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Jones v. Yale Enforcement Services, Inc.

United States District Court, E.D. Louisiana

June 26, 2015

GREGORY JONES, individually and on behalf of all others similarly situated,
v.
YALE ENFORCEMENT SERVICES, INC., SECTION:

ORDER AND REASONS

JAY C. ZAINEY, District Judge.

Before the Court is a Motion for Partial Conditional Certification (Rec. Doc. 49) filed by plaintiff Gregory Jones, individually and on behalf of all others similarly situated. Defendant Yale Enforcement Services, Inc. opposes the motion. The motion, set for hearing on June 3, 2015, is before the Court on the briefs without oral argument.[1]

I. Background

On December 16, 2014, Plaintiff filed this lawsuit individually and on behalf of all others similarly situated. He alleges that his former employer, defendant Yale Enforcement Services, Inc., failed to properly compensate him and others for services provided. Plaintiff brings claims seeking to recover unpaid wages, including overtime wages, via the Fair Labor Standards Act, 29 U.S.C. § 201, et seq. ("FLSA"), and state law via F.R.C.P. 23.

In the present motion, Plaintiff requests partial conditional certification on his claim that he and others similarly situated were not properly compensated by Defendant when they were required to stay at Lakeview Regional Medical Center ("LRMC"), 24 hours a day for four days, during the landfall and aftermath of Hurricane Isaac. More specifically, Plaintiff contends, via pleadings and his affidavit, that Defendant ordered him and approximately eight other individuals to report to LRMC and remain there 24 hours a day. He notes that, despite the complaints made to Defendant by both himself and at least three other co-officer employees named in his affidavit, Defendant has still not paid the employees for the additional time that they were required to remain at LRMC.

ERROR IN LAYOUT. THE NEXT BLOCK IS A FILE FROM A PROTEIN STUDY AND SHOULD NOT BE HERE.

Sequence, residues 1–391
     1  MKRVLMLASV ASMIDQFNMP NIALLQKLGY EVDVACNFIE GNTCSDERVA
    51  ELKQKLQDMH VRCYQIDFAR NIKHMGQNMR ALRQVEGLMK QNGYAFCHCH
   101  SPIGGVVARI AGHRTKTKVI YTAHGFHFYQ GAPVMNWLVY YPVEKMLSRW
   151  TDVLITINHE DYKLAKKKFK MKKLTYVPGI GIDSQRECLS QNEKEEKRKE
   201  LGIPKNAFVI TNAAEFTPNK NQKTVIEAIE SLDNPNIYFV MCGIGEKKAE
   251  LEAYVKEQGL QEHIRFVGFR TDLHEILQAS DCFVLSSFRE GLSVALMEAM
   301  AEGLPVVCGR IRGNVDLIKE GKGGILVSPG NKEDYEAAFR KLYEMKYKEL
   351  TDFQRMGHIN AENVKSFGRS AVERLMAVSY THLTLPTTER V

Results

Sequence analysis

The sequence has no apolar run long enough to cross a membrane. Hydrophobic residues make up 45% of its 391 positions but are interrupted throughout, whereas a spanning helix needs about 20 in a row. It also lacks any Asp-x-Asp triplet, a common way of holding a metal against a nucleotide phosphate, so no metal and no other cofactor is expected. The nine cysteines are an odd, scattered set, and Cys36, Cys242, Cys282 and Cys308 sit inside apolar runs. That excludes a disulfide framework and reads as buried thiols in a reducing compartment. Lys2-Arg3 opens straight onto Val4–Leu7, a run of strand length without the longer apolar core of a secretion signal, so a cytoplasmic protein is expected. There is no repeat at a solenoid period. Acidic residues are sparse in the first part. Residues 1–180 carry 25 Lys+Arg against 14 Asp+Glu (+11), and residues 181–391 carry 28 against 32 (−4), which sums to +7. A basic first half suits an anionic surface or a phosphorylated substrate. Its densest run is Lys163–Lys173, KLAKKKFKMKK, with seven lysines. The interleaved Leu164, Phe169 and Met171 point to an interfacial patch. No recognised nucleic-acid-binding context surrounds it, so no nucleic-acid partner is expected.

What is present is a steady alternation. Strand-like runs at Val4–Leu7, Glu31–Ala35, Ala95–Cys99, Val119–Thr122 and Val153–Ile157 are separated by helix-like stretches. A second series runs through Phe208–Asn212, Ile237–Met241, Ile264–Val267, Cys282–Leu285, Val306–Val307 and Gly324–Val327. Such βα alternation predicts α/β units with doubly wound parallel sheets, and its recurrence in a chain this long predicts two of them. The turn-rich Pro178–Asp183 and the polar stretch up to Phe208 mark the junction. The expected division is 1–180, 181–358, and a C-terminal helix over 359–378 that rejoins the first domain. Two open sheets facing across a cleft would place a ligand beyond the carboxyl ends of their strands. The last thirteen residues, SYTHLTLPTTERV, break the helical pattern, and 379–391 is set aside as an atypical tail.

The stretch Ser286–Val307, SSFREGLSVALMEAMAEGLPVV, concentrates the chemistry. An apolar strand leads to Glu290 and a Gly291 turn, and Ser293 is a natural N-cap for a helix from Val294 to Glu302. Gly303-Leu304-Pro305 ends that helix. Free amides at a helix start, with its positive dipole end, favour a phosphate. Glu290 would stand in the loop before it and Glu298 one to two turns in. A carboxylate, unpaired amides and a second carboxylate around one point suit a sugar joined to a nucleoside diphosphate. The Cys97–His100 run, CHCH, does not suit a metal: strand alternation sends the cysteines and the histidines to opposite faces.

Plaintiff also requests that, if the partial conditional certification is granted, Defendant be required to provide all available contact information for such potential class members on an expedited basis.